During an opening-night downpour, Roger Allam's Falstaff suddenly segued into "Blow winds, and crack your cheeks..." The audience loved this, almost as much as they loved Doll Tearsheet vomiting over them a few minutes later (well, she has been drinking "too much canaries").
The unbuttoned, sometimes casual, style at the Globe suits these plays, all six hours of them, very well, and helps release them into a new democracy beyond the RSC. For the first time, I think, we see Mistress Quickly's husband, silently smoking and drinking in the tavern, not to mention Falstaff playing a mandolin and pissing live onstage in a pint pot.
Director Dominic Dromgoole starts the action in the foyer, with mummers and medieval knockabout, making merry with the legend of Falstaff , with a lot of "jolly rumbelow" and "summer is acumen in." The auditorium is hung with heraldic banners as the old king (moodily played by Oliver Cotton) rails against the rebels and his son and heir who's losing princely privilege with "vile participation".
It's always a joy to see these brilliantly plotted plays together: their tapestry is one of political upheaval, rustic recruitment scenes, drinking, robbery, battles and the making of a new king. Jamie Parker risks making Prince Hal a bland cipher of intent, but his low-key approach pays off with plausible, sudden venom in the rejection of Falstaff.
Falstaff, having survived the buffetings of authority and Mistress Quickly (Barbara Marten is on the warpath once her husband's disappeared in Part 2), and hired only those soldiers who don't buy back their commission, claims that all the laws of England are at his commandment.
There's never any doubt about the justice of his dismissal, especially as Roger Allam makes him such a dangerously manipulative operator. Allam speaks the role as beautifully as any actor in memory, including the late Robert Stephens. He's more knightly than Stephens, less mountainously corrupt. But he's not really all that fat, or gross; he's less a Manningtree ox than a beadier, longer-haired version of Christopher Hitchens.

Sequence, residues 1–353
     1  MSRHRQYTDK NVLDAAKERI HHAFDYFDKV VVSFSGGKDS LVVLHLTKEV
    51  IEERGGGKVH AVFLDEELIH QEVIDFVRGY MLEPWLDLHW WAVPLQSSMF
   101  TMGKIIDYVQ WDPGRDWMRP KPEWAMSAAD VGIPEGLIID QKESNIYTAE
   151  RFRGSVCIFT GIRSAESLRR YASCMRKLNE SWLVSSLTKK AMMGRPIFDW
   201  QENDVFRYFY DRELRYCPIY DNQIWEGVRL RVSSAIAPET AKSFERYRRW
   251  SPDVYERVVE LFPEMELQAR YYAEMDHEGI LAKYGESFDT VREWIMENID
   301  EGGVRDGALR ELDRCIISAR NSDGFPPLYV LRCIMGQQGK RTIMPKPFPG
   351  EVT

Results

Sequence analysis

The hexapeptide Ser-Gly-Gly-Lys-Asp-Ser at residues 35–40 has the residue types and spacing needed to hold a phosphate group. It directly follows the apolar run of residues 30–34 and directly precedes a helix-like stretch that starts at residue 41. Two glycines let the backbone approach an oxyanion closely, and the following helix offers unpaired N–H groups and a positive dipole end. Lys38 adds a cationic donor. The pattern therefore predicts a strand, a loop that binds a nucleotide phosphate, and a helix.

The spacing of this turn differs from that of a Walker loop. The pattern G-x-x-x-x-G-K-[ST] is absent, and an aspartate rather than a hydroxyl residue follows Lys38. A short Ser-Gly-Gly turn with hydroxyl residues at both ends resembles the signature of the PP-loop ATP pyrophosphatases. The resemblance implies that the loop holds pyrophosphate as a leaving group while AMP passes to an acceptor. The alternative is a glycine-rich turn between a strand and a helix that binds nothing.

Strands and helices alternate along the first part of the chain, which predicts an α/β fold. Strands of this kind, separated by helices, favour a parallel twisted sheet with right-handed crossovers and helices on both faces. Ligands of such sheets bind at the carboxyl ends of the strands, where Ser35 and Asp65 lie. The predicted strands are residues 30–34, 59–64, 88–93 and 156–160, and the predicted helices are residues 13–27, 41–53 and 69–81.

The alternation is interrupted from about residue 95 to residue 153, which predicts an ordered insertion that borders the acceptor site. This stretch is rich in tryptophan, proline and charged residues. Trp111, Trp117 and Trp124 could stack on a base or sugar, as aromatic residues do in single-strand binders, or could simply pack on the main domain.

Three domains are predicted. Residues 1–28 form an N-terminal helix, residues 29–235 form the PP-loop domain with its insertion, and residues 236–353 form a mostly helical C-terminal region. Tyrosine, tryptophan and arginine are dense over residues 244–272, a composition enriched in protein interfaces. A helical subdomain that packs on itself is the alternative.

But he's buoyed on a bubble of wit and clever bartering throughout, and insists on keeping the audience in on the joke. It's the kind of performance that prospers in the Globe, hogging 20 per cent of all lines across the two plays, and Allam has probably never generated as much affection in all the years of his career at the RSC and elsewhere.
Dromgoole's company of 20 actors does sterling work in the doubling department: William Gaunt is both a dignified Worcester and a hilariously whinnying Shallow, thrusting Falstaff into a gloom of nostalgia with his pitiful reminiscences in the Gloucestershire scenes; Sam Crane finds common cause with an unusually scruffy Hotspur and a swaggering Pistol; Jade Williams is a touching Lady Mortimer, with a lovely Welsh song, and a sexually abused Doll; and little Paul Rider does a lovely slow burn as Bardolph as well as an acid-tongued Scroop.
This is the Shakespeare masterpiece where diseases are turned to commodity, the hostess is eaten out of house and home, citizens are urged to construe the time to their necessities, and white hairs ill become a fool and jester. It's our national pageant, and it's suddenly, and gloriously, available in London's most informal and genuinely popular theatre.
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